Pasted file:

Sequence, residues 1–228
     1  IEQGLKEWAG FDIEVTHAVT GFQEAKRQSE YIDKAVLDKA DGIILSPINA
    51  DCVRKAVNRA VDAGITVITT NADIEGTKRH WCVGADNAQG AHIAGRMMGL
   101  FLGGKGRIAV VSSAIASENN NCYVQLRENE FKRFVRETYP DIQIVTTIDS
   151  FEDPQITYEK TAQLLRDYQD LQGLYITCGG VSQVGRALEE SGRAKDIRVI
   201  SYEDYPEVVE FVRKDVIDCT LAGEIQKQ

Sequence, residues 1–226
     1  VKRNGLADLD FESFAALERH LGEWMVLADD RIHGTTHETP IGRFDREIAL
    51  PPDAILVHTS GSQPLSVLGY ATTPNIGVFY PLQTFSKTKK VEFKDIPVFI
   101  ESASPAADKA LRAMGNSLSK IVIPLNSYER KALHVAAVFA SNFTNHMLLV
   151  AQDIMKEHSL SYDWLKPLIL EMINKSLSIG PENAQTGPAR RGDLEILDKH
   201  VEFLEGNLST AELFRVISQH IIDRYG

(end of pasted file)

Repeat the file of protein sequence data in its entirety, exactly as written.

Sequence, residues 1–228
     1  IEQGLKEWAG FDIEVTHAVT GFQEAKRQSE YIDKAVLDKA DGIILSPINA
    51  DCVRKAVNRA VDAGITVITT NADIEGTKRH WCVGADNAQG AHIAGRMMGL
   101  FLGGKGRIAV VSSAIASENN NCYVQLRENE FKRFVRETYP DIQIVTTIDS
   151  FEDPQITYEK TAQLLRDYQD LQGLYITCGG VSQVGRALEE SGRAKDIRVI
   201  SYEDYPEVVE FVRKDVIDCT LAGEIQKQ

Sequence, residues 1–226
     1  VKRNGLADLD FESFAALERH LGEWMVLADD RIHGTTHETP IGRFDREIAL
    51  PPDAILVHTS GSQPLSVLGY ATTPNIGVFY PLQTFSKTKK VEFKDIPVFI
   101  ESASPAADKA LRAMGNSLSK IVIPLNSYER KALHVAAVFA SNFTNHMLLV
   151  AQDIMKEHSL SYDWLKPLIL EMINKSLSIG PENAQTGPAR RGDLEILDKH
   201  VEFLEGNLST AELFRVISQH IIDRYG